Two Texas men have pleaded guilty to drug trafficking in the Eastern District of Texas, announced U.S. Attorney Stephen J. Cox today.
Rodolfo Javier Falcon, 36, of Titus County, pleaded guilty to conspiring to distribute controlled substances before U.S. Magistrate Judge Caroline M. Craven on Aug. 20. Falcon agreed to forfeit $5 million in drug proceeds.
Jose Armando Rosales-Bernal, 27, of Dallas County, pleaded guilty to conspiring to distribute controlled substances before U.S. Magistrate Judge Caroline M. Craven on Sept. 1. Rosales-Bernal agreed to forfeit $4 million in drug proceeds; $234,971 in U.S. currency; his home in Dallas; numerous firearms; two luxury watches; a gold necklace with a rooster-shaped pendant covered in jewels; and three vehicles including a Dodge Charger Hellcat.
According to information presented in court, Falcon, Rosales-Bernal, and others conspired to distribute more than 150 kilograms of Mexican cocaine in Dallas, East Texas, and beyond. In fact, Falcon and others—including two children—were stopped in Tennessee carrying nine kilograms of cocaine to distribute in North Carolina. The organization was also responsible for shipping drug proceeds, in the form of bulk cash, back to Mexico. For example, law enforcement intercepted one bulk cash shipment of approximately $350,000.00. Rosales-Bernal and Falcon both occupied leadership roles in the drug trafficking organization, which also distributed methamphetamine. During the investigation, law enforcement observed several members of the organization—including Rosales-Bernal—carrying firearms. Rosales-Bernal admitted that he possessed multiple firearms because he knew that the large quantity of drugs being trafficked by the organization made their activities inherently dangerous. Rosales-Bernal also described how he spent his drug proceeds on lavish lifestyle items, including a Dodge Charger Hellcat, flashy watches, a jewel encrusted rooster necklace, and numerous pairs of shoes and boots.
Under federal statutes, Falcon faces at least 10 years and up to life in federal prison at sentencing; Rosales-Bernal faces at least five years and up to 40 years in federal prison at sentencing. The statutory sentence prescribed by Congress is provided here for information purposes, as the sentencing will be determined by the court based on the advisory sentencing guidelines and other statutory factors. A sentencing hearing will be scheduled after the completion of a presentence investigation by the U.S. Probation Office.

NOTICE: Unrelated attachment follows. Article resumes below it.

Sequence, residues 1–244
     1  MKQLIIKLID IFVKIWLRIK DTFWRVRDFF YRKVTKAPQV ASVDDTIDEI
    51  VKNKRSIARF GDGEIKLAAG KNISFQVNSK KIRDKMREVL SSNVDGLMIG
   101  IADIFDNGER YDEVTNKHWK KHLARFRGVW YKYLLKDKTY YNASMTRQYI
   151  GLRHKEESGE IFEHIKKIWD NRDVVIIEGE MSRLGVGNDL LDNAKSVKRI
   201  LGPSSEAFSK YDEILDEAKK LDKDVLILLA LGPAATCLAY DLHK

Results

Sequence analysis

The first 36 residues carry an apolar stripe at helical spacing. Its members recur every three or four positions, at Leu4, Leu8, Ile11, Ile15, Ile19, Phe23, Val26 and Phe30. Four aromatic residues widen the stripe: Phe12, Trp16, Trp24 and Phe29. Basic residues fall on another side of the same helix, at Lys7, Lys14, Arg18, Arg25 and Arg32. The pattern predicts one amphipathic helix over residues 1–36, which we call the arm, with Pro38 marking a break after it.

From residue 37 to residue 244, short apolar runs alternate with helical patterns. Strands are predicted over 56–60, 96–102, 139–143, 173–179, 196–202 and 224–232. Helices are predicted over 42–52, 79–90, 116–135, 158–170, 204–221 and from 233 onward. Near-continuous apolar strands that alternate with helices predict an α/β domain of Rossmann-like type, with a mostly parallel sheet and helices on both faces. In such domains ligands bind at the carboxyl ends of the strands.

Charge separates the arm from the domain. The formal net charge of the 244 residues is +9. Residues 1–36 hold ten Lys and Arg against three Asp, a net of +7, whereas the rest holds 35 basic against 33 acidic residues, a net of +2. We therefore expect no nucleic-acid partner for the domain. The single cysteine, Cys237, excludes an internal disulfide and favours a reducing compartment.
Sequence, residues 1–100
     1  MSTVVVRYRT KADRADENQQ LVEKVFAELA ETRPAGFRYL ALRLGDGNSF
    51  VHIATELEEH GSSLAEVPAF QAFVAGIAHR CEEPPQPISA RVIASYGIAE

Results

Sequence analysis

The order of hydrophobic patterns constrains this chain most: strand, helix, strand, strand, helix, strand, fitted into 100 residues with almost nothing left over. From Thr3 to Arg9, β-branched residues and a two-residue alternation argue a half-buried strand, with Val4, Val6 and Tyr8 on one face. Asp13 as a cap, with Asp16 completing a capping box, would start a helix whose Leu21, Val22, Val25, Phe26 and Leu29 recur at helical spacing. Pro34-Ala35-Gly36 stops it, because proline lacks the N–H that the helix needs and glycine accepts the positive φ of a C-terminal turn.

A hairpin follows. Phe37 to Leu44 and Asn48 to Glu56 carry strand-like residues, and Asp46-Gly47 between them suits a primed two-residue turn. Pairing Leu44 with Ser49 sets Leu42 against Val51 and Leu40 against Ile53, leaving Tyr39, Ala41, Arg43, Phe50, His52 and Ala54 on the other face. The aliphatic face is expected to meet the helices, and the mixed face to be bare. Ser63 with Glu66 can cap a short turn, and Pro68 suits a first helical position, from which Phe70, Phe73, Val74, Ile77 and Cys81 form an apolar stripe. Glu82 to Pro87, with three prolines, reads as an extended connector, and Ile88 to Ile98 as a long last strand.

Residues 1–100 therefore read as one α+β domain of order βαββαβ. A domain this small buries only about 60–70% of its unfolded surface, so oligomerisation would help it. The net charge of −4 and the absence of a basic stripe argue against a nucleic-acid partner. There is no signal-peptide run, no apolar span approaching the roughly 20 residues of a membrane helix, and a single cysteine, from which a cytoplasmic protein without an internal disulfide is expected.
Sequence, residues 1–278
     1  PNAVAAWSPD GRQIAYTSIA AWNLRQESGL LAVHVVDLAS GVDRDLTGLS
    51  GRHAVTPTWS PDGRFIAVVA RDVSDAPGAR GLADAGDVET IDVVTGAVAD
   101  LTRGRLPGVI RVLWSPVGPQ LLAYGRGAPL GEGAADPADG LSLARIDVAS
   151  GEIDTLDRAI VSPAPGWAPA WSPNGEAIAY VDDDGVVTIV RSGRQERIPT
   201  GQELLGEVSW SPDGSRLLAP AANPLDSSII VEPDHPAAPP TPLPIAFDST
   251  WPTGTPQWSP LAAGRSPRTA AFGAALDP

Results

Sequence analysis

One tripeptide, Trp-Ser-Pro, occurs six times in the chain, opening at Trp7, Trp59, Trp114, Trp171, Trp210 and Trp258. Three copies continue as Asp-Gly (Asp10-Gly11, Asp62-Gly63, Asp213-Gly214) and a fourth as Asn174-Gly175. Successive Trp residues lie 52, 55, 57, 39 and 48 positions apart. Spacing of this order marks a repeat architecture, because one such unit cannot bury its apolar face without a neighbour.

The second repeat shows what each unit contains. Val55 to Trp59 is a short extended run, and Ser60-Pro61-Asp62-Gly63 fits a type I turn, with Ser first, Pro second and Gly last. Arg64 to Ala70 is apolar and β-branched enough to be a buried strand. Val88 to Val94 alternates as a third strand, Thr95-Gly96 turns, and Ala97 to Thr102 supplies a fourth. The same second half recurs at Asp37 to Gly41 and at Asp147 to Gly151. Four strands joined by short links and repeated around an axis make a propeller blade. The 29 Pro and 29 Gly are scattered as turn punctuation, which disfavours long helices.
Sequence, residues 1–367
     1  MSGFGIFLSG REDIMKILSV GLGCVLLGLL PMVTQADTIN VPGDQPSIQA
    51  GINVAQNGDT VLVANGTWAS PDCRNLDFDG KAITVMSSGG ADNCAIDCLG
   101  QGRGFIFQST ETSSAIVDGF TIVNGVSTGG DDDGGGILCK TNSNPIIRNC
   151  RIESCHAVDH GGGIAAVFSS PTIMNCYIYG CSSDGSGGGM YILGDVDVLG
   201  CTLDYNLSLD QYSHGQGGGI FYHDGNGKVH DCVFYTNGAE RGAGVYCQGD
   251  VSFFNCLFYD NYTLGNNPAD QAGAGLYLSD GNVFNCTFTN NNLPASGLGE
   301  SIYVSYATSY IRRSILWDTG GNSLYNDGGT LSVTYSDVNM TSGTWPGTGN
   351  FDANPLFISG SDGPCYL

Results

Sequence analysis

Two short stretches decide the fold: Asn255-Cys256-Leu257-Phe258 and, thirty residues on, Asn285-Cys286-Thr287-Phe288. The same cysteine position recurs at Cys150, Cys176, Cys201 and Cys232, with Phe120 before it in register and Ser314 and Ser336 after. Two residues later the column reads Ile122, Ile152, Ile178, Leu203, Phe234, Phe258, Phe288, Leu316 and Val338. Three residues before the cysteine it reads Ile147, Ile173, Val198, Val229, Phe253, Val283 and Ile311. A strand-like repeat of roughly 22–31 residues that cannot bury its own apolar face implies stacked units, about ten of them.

Operation Dirty Bird is a long-term drug trafficking and money-laundering investigation that has already led to the seizure of more than $500,000.00 in U.S. Currency, almost 40 kilograms of cocaine, more than a quarter kilogram of methamphetamine, nine firearms, and multiple vehicles.
Rosales-Bernal, Julio Villarreal, Armando Moreno Jr., Falcon, Gerardo Cabrera Ramirez, Claudia Claribel Gardea, Jose Geraldo Ornelas-Pineda, Dalia Janes Campos Rosales, Eleazar Martinez Reyes, and David Martinez were previously charged and arrested as a result of this investigation. Ornelas-Pineda and Moreno have pleaded guilty and have been sentenced. Rosales-Bernal, Villarreal, Falcon, Ramirez, Reyes, and Gardea have pleaded guilty and are awaiting sentencing. Campos Rosales and Martinez have pleaded not guilty and are awaiting trial. This case is pending in the Texarkana Division of the Eastern District of Texas.
If convicted, Campos Rosales and Martinez face a minimum of 15 years and as much as life in federal prison.
This case is being investigated by the Mount Pleasant office of the Texas Department of Public Safety, Criminal Investigation Division and the Dallas office of Homeland Security Investigations SRT. In addition, the following agencies have played critical roles in this investigation: the Mesquite, Texas, Police Department SWAT team; the Texas National Guard; the Texas Department of Public Safety, Highway Patrol Division and Aircraft Division; the George West, Texas, Police Department; the 23rd Judicial Drug Task Force in Dickson, Tennessee; and the Mount Pleasant, Texas, Police Department. The case is being prosecuted by Assistant U.S. Attorney Jonathan R. Hornok.